Hadi, from the shadows to the limelight
Hadi gained the trust of the six million Yemenis who voted in the presidential elections, and Yemeni political parties had a consensus on his nomination. He dismissed a number of Saleh’s relatives in control of the military, some governors and officials loyal to Saleh, and politicians involved in corruption.
Before his election when he was a vice president, Hadi was dubbed as weak and silent.
Yet Hadi’s legitimacy was enforced after millions of Yemenis voted for him, and he enjoys regional and international support, according to the researcher and political activist, Nabeel Al-Bukairi.
“On the basis of popular legitimacy and the revolution, Hadi could play a significant role in rearranging the complicated Yemeni political landscape which has existed for more than three decades,” he told the Yemen Times.
“Hadi realizes the seriousness of the current Yemeni situation, and if there is no political statesmanship and national responsibility toward what is happening, Yemen will not be a safe and secure country,” he went on.
“He [Hadi] also understands that if Yemenis don't seize this golden opportunity of a global agreement to help Yemen, the loss of this opportunity will take Yemen nowhere but hell,” Al-Bukairi added.
“What has been done by Hadi during the two past months is an achievement when compared with the complications of the current moment,” Fahmi Al-Alim, a journalist, told the Yemen Times.
“This is reflected to a large extent by his commitment to the success of the GCC power-transition deal, ability to ignore Saleh, and making the bold decision to dismiss Saleh’s half-brother, Mohammad Saleh Al-Ahmar, chief of the Air Forces, and Saleh’s nephew Tariq Mohammad Abdullah Saleh, commander of the Special Forces—a move abhorred by Saleh and his family,” he said.
“Since his election on February 21, Hadi has taken many actions aimed at moving the political settlement forward,” he added.
“Over two months, Hadi has paved the way to complete what remains of the settlement in its second phase, after the success of the first phase, which included the formation of the National Unity Government, the Military Committee [which was formed on Dec 4, 2011 to restore security and stability], as well as presidential elections,” he pointed out.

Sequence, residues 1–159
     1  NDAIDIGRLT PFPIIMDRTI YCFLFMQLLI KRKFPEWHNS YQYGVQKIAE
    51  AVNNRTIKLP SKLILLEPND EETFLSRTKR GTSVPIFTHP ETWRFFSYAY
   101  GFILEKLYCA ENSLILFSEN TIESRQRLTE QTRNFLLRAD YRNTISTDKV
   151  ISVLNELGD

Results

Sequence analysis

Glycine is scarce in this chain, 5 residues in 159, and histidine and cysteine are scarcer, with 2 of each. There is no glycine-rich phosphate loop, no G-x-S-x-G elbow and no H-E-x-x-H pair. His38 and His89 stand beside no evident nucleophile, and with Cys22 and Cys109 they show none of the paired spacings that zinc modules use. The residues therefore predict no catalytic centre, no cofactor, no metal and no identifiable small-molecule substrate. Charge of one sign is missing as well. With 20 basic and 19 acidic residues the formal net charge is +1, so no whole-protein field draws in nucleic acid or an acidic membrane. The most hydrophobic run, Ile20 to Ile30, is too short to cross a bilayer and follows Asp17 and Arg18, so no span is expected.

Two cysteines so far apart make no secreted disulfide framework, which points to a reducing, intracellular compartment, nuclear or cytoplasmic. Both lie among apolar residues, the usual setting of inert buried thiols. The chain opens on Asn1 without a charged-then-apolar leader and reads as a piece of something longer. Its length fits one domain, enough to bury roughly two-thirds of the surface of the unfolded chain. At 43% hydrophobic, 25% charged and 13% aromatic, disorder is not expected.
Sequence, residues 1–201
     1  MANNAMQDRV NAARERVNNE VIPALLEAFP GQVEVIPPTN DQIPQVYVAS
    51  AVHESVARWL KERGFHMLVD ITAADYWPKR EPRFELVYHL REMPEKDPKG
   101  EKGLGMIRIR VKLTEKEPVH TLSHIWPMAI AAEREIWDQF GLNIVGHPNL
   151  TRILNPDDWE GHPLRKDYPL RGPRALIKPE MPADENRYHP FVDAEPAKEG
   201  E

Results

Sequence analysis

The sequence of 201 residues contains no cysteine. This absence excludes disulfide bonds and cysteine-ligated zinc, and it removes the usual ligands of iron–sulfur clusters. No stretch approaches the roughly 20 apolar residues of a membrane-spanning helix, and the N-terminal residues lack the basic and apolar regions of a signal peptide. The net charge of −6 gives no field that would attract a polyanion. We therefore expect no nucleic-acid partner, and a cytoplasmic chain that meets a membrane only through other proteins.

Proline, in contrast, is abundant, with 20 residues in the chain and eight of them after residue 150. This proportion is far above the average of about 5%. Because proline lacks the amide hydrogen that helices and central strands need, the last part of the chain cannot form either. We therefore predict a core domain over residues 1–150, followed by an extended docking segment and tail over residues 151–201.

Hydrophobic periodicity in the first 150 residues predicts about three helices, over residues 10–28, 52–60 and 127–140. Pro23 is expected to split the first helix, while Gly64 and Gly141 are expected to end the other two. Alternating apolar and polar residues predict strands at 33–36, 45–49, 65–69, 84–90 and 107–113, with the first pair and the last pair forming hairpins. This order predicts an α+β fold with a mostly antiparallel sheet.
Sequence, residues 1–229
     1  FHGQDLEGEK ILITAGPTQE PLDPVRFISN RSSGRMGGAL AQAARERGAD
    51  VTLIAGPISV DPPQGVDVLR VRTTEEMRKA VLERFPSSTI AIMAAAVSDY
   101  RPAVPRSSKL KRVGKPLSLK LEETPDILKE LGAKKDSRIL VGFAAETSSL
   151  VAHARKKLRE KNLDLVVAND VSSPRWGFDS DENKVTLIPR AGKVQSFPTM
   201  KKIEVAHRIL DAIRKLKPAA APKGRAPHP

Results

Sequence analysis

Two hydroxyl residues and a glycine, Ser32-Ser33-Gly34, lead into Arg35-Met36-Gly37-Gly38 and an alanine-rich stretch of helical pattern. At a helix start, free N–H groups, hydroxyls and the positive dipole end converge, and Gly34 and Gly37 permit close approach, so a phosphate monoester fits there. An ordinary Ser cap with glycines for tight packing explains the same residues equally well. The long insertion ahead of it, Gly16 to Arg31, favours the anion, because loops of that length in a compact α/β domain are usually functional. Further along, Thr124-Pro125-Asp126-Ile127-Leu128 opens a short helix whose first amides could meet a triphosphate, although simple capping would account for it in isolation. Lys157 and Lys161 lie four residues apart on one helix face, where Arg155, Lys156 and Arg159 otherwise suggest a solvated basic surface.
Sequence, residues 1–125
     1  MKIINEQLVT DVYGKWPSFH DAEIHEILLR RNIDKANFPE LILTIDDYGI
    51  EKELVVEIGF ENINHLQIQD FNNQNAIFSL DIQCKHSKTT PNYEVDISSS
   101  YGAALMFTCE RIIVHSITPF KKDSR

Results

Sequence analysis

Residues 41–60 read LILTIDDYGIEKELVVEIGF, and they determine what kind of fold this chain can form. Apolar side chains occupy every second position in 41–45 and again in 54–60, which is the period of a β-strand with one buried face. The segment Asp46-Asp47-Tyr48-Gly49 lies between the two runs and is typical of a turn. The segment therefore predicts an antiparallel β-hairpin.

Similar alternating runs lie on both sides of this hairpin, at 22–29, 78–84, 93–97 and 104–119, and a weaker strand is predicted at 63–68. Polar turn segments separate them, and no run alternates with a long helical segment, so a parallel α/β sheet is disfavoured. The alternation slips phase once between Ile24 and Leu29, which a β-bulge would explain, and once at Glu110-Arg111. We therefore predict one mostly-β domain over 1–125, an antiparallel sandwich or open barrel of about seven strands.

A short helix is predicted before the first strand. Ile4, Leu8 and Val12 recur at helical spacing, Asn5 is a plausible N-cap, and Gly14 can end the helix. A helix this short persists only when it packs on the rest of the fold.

“However, Hadi's efforts are still below the level required by the people, as he is supposed to have implemented many changes in line with the GCC deal by this past March, in particular the army restructuring and holding the national dialogue.”
"However, these were impeded by the former president, whose relatives still run the largest military and security services and have refused to obey the military shake-up which could end their power in the state they ruled for 33 years," he added.
Hadi needs to be backed by the countries overseeing the Gulf Cooperation Council-backed deal. In particular, there must be support for the military reorganizing, a move that will remove Saleh’s son and nephews from power, in order to create a new national military,” concluded Al-Alim.
A spokesman from the General Revolutionary Forum, Ali Al-Bukhaiti, believes that Hadi’s achievements are merely cosmetic accomplishments aimed at keeping the same regime in power.
He pointed out that Hadi might have future political aspirations, stressing that his government still has a connection to Saleh’s family.
"Hadi will not make real changes if the power centers that control the army and security apparatuses are not changed and replaced by commanders not loyal to Saleh or the commander of the of the First Armored Division, Ali Mohsin Saleh," said Al-Bukhaiti.
Jamal Al-Nimri, a young man from Mahwit governorate, told the Yemen Times that there have been many achievements in the political process since Hadi was elected president on February 21, emphasizing that people can now enjoy freedoms and dignity not to be had during 33 years of “gang rule.”
“Hadi rooted out many of those who surrounded Saleh, such as the bosses of the Yemeni Economic Corporation and military commanders,” he added.
“Security has been boosted, but what is happening in Abyan makes many people concerned,” he added, mentioning that he believes Hadi will put an end to Al-Qaeda-affiliated activity in Abyan.
“Hadi has only achieved two percent of the people’s ambitions regarding the objectives of the revolution,” Murad Al-Saeedi, a youth from Raima governorate said, indicating that the new military appointments have been a sham.
Al-Nimri said, "Hadi was supposed to arrest the killers, hold them accountable, bring them to justice, and dismiss the heads of corruption: Ahmed Ali Abdullah Saleh, Yahya Mohammad Abdullah Saleh and Amar Mohammad Abdullah Saleh.”
Majdi Mahroos, from Hodeidah governorate, believes that Hadi can reduce the level of political unrest, stressing that compromise has been reached between different political sides, and that Hadi took bold presidential decisions in dismissing Saleh’s relatives.
“He further appointed officials and governors who enjoy popularity in some governorates,” he added, asserting that the Yemeni political solution is a role model for other Arab Spring countries.
“Hadi created an appropriate atmosphere for regional and international support” he made clear. “The Gulf states and Untied States are interested in supporting the interim government.”
“Essential services have developed remarkably, life has returned to normal, the Military Committee has been formed, sandbags and checkpoints have been removed from the capital Sana’a, private forces were set up to maintain security in the capital Sana’a, and some military commanders loyal to the former regime were dismissed."